As we bid adieu to 2012, we asked some of our friends and colleagues what, if any, new year’s resolutions they would like to make for themselves or on behalf of the medtech industry. Here is a sampling of what we received. We also invite you to add your thoughts in the comments box: What would you like to achieve in 2013? What resolutions would you like to see the medtech industry take on board in the new year?
If you are a regular reader, you will recognise the name of indefatigable Erik Vollebregt. We often link to his blog posts on medicaldeviceslegal, which he somehow manages to maintain when not tending to his day job as a medico-legal specialist at Axon Lawyers. True to form, he vows to do even more in 2013.
“My new year’s resolution is to work even harder on my blog and share useful legal and regulatory information, and to help more small and medium sized companies with EU device questions via Question Time on my firm’s website. And of course, I will strive to maintain a positive personal risk/benefit ratio with as few incidents and corrective actions as possible!” Vollebregt also has a suggestion for the medtech industry. “I hope that international harmonisation progresses—that the GHTF legacy is taken up by IMDRF, that US FDA and the European Union bury the hatchet on who has the better system, and that intra-EU authorities finally start cooperating on a common regulatory goal. The only way to regulate devices well and to give everybody access to the newest medical technology is by means of across-the-board good faith and effective cooperation. Make innovation, not squabbles, and allocate the resources to make that happen.”
Paru Deshpande, Program Director, Life Science Technologies, at Belgium’s R&D organisation imec, places at the top of his wish list an open innovation model for the medical industry. “I believe this is the only way to reduce rising costs for the development of new drugs and diagnostic tools. Above all, this model will increase the pace of innovation and the rate at which new technologies are introduced into the market,” writes Deshpande.
“At our research institute, we introduced this open innovation model for the semiconductor industry back in the 1980s and it proved to be very successful,” adds Deshpande. It led large companies to work together on early-stage technologies and to share costs and risks. “I believe it’s time for the medical community to turn to this open innovation model. It’s the only way to bring better treatments to market in a faster and more cost-effective way,” he explains.
Christoph Lhota, Head of Engel Medical, doesn’t have a desiderata as much as a prediction. “Thanks to capacitive electronics, controls are hidden beneath a continuous, smooth and durably resistant surface that is easy to clean. A technology that has mainly been implemented for automotive applications, it will attract the interest of medical technology manufacturers to a greater degree in 2013,” he writes. This technology will completely replace mechanical switches, buttons and control knobs in electronic medical equipment deployed in sterile environments, predicts Lhota.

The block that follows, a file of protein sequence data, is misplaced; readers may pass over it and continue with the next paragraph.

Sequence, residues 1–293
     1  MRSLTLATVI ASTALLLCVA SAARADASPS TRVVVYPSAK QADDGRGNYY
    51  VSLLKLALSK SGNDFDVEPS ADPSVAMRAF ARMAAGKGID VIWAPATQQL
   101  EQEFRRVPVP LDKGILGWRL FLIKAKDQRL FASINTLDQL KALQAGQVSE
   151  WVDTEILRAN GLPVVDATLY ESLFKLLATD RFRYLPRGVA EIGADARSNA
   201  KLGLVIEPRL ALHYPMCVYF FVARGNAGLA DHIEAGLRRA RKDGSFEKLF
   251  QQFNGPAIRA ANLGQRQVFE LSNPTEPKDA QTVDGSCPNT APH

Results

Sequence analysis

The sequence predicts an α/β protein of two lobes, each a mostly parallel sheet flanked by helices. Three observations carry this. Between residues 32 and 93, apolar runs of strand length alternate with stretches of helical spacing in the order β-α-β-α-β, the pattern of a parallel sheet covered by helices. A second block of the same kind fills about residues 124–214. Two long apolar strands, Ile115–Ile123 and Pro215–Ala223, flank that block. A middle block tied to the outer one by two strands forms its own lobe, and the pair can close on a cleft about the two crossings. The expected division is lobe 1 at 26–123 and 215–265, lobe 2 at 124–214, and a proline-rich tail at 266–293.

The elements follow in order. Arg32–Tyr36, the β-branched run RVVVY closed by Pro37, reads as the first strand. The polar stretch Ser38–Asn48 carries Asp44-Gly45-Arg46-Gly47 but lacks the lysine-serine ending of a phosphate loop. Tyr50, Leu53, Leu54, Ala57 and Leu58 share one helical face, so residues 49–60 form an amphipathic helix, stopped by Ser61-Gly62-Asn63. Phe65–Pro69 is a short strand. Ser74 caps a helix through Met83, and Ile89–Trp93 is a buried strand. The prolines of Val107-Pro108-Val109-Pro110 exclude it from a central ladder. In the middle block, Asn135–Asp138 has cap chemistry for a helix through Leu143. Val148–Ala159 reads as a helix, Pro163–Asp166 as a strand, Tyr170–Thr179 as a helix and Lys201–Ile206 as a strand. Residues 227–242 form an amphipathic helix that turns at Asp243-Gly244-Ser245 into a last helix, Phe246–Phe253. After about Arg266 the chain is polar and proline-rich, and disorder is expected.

Manfred Beeres, Head of Communications at German device industry association BVMed, would like to see more opportunities for innovation. “It is important for us to have clear perspectives for medical device innovations in 2013. This includes extended and improved research development programmes; finding new ways to finance clinical studies; developing more and better university programmes related to medical device technology, development and design; revising standards and regulations, as appropriate; and increasing networking between the medical device and IT industries. Last but not least, it’s important that we continue to strengthen Germany’s leading position in the medical technology and healthcare sector. For that we need a strong domestic market,” adds Beeres.
David Hill, Ronin Solutions and EMDT editorial advisory board member, had a downright biblical moment as he pondered prospects for 2013. “Let there be light,” he writes. “Is it not time for all those product designers to knuckle down and create the ideal light source for medical use? Whenever you talk with surgeons, somewhere in the conversation the whinge starts: ‘not enough good light, poor access to lighting, cannot see correctly to do the job properly.’ Well let’s shed some light on the subject (poor pun intended).
“Scientists in the United States and Ireland are working on a new type of light source that will be flicker free, brighter than florescent sources and more energy efficient than an LED,” writes Hill.
Field induced polymer electroluminescent light source (FIPEL) technology involves three layers of white emitting plastic containing a small amount of nanomaterial that glows when an electric current passes through, explains Hill. It can be formed into any shape.
“Shape is no longer a problem, voltage is down to a sensible level, and there are no worries about breakage of the device while in use—the technology could lend itself to the design and manufacture of surgical clamps that glow or produce light at the bottom of a wound, where the action is,” writes Hill.
“Why not lighten up, go look for that glimmer of light or flash of illumination so you can radiate among your peers and show that spark of genius that will blaze a trail to new products? Follow up with physicists at Wake Forest University in North Carolina or Trinity College in Dublin. Alternatively, read pages 8 to 18 in the January 2013 issue of Organic Electronics,” writes Hill. You will find it enlightening, he promises.
The medtechinsider team wishes you and yours the merriest of holidays and an innovative and prosperous 2013.